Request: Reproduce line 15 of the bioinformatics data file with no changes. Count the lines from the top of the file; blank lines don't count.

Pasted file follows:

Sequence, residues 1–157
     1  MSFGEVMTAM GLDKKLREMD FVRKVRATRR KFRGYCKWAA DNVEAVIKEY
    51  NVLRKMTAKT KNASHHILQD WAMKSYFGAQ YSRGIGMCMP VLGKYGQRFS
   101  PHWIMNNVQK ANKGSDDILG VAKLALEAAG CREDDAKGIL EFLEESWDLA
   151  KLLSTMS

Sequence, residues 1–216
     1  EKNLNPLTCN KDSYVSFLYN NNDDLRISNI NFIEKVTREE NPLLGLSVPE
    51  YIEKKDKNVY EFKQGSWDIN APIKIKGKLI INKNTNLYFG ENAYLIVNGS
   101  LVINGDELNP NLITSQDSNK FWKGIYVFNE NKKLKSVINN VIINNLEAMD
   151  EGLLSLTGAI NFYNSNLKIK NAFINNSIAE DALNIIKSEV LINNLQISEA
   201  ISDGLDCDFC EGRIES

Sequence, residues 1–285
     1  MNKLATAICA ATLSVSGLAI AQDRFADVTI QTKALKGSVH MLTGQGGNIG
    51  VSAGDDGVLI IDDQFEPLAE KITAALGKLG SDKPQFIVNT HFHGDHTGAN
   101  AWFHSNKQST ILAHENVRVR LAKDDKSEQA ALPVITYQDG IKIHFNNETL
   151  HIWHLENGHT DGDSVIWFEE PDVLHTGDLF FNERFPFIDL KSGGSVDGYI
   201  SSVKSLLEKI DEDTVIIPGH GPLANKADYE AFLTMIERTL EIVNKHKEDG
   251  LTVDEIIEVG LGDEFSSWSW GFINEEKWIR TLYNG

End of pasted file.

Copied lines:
   101  AWFHSNKQST ILAHENVRVR LAKDDKSEQA ALPVITYQDG IKIHFNNETL